Latest News

Bullies beware!

October 31, 2019

Through our 154-year history, the Open Spaces Society has developed a proud record of legal action. We fought the enclosures, and defended commoners’ rights; we have tested the law in the courts many times. We have suffered losses, but we also have landmark victories to our name. One such victory was our challenge to Dorset…

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Seventieth Anniversary Of ‘A People’s Charter’

January 1, 2019

This year we celebrate the seventieth anniversary of the National Parks and Access to the Countryside Act 1949.  Our general secretary Kate Ashbrook, explains what it achieved. This is not just a Bill.  It is a people’s charter—a people’s charter for the open air, for the hikers and the ramblers, for everyone who lives to…

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Our local correspondents gather in the Lickey Hills

August 23, 2018

Over two days in mid August, 29 local correspondents, trustees and members of staff met at the Hillscourt conference centre, Rednall, on the edge of the Lickey Hills country park south-west of Birmingham.  It was an opportunity to swap experiences and ideas and to learn more about the range of activities in which the society…

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Government’s planning charter fails to protect open spaces

July 26, 2018

We are dismayed that the revised Natural Planning Policy Framework (NPPF), which was published on 24 July, gives no additional protection to open spaces, beyond a tiny improvement in wording. The society had objected in the draft to the restrictive wording accompanying the designation of land as local green space (LGS).  The draft stated that…

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Countryside Act at 50

July 3, 2018

On 3 July we celebrate the fiftieth anniversary of the Countryside Act 1968, an important piece of legislation.  The Open Spaces Society, with the Ramblers, played a major role in its genesis.  Our general secretary, Kate Ashbrook, explains its history and significance. The National Parks and Access to the Countryside Act 1949, which led to…

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What tragedy?

June 29, 2018

This year is the fiftieth anniversary of an influential article which, wrongly, gave commons a bad name. In 1968 Science magazine published a paper called ‘The tragedy of the commons’ by biologist Garrett Hardin. Our general secretary, Kate Ashbrook, explains. This was about the global population problem, in part inspired by an 1833 pamphlet by…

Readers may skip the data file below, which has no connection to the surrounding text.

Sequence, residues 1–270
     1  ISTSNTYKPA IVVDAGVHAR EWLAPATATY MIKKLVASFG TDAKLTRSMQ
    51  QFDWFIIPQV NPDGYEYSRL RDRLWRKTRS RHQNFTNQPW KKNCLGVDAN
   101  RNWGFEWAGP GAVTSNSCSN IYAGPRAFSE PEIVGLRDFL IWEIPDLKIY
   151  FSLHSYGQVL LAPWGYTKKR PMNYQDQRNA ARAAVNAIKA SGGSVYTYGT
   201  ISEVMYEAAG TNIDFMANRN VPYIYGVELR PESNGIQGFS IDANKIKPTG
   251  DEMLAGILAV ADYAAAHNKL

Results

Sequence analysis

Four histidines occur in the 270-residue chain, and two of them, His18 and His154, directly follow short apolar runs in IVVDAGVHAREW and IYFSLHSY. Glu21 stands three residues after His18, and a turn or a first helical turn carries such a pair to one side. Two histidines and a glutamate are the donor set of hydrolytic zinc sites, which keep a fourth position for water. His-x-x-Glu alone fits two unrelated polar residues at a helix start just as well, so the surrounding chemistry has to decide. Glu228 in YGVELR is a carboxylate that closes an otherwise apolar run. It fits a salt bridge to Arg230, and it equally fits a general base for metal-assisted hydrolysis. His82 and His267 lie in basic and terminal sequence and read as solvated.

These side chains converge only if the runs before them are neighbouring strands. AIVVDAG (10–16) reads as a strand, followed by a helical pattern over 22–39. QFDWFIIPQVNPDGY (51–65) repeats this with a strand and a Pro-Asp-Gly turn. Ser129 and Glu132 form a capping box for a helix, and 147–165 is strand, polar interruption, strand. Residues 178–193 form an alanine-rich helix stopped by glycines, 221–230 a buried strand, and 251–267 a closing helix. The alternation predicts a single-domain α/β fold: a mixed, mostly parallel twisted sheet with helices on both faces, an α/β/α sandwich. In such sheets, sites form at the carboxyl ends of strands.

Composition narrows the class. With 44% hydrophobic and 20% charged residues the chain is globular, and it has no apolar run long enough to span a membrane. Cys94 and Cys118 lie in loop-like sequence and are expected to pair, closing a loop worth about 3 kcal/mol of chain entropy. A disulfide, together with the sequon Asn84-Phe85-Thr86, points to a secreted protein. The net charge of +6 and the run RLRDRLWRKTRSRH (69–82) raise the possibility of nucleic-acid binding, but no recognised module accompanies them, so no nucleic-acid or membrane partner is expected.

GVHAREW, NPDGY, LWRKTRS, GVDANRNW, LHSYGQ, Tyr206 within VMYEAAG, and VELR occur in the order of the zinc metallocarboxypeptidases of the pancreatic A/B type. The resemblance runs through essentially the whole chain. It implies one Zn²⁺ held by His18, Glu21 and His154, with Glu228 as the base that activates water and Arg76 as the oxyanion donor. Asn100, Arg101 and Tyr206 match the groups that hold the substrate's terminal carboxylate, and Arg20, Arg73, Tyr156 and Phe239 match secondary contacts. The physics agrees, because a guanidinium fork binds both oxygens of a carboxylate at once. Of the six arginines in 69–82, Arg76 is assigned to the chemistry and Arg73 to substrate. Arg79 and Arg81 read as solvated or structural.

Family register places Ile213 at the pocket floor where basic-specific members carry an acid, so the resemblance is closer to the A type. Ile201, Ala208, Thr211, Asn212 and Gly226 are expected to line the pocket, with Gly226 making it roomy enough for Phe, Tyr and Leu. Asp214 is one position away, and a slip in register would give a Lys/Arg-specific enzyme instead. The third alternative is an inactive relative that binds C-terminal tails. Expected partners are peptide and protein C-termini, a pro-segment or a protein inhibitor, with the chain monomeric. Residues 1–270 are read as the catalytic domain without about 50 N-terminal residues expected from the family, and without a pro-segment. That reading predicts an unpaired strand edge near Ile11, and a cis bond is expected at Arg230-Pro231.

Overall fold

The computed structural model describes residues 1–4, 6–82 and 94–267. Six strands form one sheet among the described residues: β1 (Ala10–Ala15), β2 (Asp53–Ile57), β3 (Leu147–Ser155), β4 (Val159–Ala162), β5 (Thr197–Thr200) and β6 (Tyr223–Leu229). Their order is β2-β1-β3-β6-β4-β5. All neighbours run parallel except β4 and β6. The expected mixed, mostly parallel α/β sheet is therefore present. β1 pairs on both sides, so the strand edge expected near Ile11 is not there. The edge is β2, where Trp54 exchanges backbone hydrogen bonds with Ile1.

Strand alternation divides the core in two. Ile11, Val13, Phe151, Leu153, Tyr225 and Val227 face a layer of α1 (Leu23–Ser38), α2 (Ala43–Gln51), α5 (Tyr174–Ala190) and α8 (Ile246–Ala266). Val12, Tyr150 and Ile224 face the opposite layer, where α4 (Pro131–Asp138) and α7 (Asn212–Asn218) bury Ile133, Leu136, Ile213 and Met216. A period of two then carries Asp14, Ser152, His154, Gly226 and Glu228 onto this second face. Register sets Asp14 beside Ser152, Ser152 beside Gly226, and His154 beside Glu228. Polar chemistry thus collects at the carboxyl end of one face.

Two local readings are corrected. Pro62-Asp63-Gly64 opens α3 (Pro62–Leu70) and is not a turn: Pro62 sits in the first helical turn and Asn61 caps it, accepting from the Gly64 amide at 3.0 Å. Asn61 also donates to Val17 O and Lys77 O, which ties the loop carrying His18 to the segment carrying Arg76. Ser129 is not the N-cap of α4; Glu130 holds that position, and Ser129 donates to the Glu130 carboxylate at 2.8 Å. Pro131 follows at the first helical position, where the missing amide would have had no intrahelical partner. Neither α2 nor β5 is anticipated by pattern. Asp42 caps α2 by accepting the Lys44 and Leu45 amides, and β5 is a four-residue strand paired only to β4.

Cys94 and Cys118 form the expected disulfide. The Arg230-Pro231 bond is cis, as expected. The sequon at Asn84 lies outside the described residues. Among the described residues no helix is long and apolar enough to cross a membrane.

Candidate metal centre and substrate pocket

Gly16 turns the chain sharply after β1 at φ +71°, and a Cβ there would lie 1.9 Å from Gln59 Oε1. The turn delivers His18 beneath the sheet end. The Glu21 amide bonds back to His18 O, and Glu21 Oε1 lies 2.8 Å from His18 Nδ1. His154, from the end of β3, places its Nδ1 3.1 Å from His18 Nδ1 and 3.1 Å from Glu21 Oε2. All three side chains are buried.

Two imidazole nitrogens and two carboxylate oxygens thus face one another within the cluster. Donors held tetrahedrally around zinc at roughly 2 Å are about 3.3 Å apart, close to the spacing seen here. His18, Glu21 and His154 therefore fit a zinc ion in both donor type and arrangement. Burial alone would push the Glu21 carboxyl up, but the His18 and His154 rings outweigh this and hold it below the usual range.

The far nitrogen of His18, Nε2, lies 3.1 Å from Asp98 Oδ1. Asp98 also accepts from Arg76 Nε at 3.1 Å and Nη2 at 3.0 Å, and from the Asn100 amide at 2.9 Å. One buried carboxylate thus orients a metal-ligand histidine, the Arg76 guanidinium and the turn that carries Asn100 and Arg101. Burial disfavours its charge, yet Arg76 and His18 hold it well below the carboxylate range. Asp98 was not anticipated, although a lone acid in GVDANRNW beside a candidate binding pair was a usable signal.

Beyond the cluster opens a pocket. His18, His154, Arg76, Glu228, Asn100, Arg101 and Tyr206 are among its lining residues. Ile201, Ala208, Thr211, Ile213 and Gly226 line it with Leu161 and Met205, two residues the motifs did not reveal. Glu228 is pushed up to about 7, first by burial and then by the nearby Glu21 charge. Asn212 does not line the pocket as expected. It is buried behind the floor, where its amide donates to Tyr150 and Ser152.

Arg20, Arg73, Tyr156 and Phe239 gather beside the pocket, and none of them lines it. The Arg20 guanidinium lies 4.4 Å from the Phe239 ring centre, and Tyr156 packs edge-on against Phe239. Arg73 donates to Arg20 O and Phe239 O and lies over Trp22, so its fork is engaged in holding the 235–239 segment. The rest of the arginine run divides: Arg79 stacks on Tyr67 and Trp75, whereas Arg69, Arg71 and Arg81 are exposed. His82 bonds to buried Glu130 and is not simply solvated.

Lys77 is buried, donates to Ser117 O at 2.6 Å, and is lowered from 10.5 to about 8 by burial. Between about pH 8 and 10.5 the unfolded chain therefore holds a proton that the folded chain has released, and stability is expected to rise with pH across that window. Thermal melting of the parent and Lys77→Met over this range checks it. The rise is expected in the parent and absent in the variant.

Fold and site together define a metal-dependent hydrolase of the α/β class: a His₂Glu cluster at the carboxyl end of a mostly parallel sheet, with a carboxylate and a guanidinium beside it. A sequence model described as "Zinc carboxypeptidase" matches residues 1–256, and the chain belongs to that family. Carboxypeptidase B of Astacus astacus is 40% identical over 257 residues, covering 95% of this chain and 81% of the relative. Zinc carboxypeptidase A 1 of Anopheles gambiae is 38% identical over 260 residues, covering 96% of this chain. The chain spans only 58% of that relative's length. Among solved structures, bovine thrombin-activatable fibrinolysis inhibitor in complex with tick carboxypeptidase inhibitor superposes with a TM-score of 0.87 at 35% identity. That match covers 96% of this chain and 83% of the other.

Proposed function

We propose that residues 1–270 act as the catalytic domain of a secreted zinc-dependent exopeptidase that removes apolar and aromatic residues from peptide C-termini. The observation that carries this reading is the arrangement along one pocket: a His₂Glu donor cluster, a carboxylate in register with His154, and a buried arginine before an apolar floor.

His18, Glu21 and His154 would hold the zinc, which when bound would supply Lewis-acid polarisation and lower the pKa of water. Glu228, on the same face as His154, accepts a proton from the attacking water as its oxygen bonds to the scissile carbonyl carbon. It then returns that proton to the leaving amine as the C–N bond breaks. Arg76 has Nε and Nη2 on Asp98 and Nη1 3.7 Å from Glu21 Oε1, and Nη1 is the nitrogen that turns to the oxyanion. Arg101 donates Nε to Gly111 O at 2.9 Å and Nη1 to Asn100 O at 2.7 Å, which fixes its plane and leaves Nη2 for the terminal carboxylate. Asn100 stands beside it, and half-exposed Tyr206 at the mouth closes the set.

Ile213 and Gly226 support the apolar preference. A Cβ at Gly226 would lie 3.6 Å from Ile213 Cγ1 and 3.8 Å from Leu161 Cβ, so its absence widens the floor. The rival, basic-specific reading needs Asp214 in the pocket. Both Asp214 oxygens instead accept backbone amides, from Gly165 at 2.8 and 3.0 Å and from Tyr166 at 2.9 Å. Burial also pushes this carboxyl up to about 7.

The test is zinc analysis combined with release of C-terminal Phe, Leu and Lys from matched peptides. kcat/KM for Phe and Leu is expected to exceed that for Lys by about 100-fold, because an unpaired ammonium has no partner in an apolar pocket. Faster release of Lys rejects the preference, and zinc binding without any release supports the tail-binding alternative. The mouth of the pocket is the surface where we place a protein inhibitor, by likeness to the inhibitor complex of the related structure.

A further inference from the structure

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Jerry Pearlman: fighter for commons and paths

March 22, 2018

Our world of paths and commons would be very different but for the work of Jerry Pearlman who has died aged 84 on 9 March 2018, writes our general secretary. Jerry was honorary solicitor for the Ramblers for more than 30 years; he took on countless path battles and campaigned for freedom to roam on…

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The government’s 25-year plan for the environment

January 12, 2018

We are pleased that the government has at last published its 25-year plan for the environment.  It has many fine ambitions, which we applaud, and now we should like to hear more about how the government intends to achieve them.  And of course we are willing to help. Green spaces We particularly welcome the aims…

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Roxlena: Long use and the 2001 foot-and-mouth disease outbreak

December 14, 2017

Cumbria County Council has successfully defended in the High Court [Roxlena Ltd, R (On the Application Of) v Cumbria County Council], its decision to make a definitive map modification order (DMMO) for paths in Hayton Woods, east of Carlisle, in response to an application previously made by local people on the basis of long use…

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Paths to oblivion

November 13, 2017

Thirty years ago (3 September 1987) we were present at the launch of the Countryside Commission’s far-reaching policies and priorities for enjoying the countryside, writes our general secretary, Kate Ashbrook. Top priority was to have the entire rights-of-way network ‘legally defined, maintained and available for use before the end of the [last] century’ with up-to-date…

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